The setting: We planned to be wed outdoors (out in nature, man, among the birds and the bees and the flowers), unfortunately bad weather forced us into the basement of a movement church in downtown Detroit.
The guests: Hundreds of young radicals in their finest hippy garb, along with pockets of straights— notably Arlene’s mother Goldie and stepfather Al, my parents, some relatives and neighbors. The hippies reeked of pot smoke, the straights of Chanel #5 and Old Spice. Rising above the noise and intermingling scents, our favorite local rock band jamming Come on Baby Light My Fire and Sunshine of Your Love.
The vow: an original, so perfect for its time, hand-lettered in calligraphy on a scroll made from a window shade:
The 23rd Day of Leo, 1969 Because of the way we love each other, we, Arlene and LD, have decided to live our lives together. And we declare that we will act not only as individuals, but also as a unit until that union inhibits our growth rather than stimulates it.
The ceremony: Everyone gathers in a circle, sitting on the floor. Arlene hands out wild flowers—for Peace. LD hands out peaches—for Sustenance. Goldie, whispering, pleads with Arlene: “Honey, could you at least wear shoes?” We jointly recite our vow, as a promise to all assembled, with no official witness for the state. We conclude with a massive group hug, readily given. And everyone signs our wedding scroll in witness.
The celebration: A potluck supper, featuring hot dogs, followed later in the evening (for the hippies only) by an endless night of partying and carrying on in all the special manners the 60s had to offer.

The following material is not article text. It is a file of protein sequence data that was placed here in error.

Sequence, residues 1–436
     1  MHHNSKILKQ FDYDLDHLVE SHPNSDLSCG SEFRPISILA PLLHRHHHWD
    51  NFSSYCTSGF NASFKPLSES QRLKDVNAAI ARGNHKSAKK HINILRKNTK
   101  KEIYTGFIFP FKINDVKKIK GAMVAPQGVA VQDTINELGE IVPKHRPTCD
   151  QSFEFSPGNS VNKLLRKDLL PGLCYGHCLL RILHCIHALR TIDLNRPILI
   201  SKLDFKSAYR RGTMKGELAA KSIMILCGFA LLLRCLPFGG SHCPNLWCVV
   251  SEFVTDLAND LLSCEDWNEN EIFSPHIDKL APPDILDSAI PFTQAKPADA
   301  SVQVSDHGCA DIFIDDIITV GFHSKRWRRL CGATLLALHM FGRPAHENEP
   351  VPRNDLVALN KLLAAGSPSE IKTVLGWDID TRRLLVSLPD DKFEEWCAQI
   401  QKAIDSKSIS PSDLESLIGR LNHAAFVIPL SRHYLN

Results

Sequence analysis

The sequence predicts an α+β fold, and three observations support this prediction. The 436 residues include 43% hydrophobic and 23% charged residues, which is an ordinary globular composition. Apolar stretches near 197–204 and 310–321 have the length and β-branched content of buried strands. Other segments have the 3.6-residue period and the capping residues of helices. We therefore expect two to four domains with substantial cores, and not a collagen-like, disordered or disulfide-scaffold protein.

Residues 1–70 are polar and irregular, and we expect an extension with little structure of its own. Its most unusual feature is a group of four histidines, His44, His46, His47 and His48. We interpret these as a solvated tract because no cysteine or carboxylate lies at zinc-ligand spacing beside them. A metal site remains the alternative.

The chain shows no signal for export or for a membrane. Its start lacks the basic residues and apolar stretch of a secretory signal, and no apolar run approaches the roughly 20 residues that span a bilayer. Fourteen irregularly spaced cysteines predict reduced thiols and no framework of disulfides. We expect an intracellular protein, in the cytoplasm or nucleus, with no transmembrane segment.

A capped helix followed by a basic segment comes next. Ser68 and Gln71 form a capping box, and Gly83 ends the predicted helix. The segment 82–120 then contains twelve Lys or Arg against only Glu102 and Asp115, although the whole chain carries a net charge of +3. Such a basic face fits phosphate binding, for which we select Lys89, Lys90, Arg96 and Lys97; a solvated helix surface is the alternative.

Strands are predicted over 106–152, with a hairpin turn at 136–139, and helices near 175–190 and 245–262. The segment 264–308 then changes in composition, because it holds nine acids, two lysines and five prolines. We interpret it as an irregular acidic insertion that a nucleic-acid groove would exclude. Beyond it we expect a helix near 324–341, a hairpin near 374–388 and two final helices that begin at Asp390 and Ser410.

The aftermath: Over-indulged, finally in bed by 5:00 AM. Phone ringing at 7:00. It was Goldie. “Darling, are you actually married?”
“Of course we are Ma,” said Arlene, groggily.
The truth: Well, legally, no, we were not. We had decided that what really mattered to us, and, we thought should really be what matters at all, was to stand up in front of our community and announce our love and commitment to each other. So we did just that. And to hell with the state. It was none of their business, so we burned the marriage license!
This pesky legal detail we finally did take care of several months later with a few signatures on a newly registered license.
Thirty-six and counting
Thirty-six and more years later, it seems like so long ago and yet only an instant in the past. Since those early days we’ve wandered from Detroit to Boston to the great American West; back to Detroit; to Ferry, Michigan; to Washington, DC; to San Francisco; to Fayetteville, Arkansas; to Chicago; and, for the moment at least, to LaCrosse, Indiana. Not to mention stints as rabble-rouser, consultant, administrator, teacher, farmer, consultant, student, finance executive, nurse, computer scientist, consultant, executive, nursery owner, philanthropist, consultant, and retiree. And somehow, through it all we remain inseparable beyond a few days at a time.
The message in all this—cherish each other for who you are, support each other to be who you can be, never stop learning and growing. And you can never say “I love you” too often, too much, or too enthusiastically.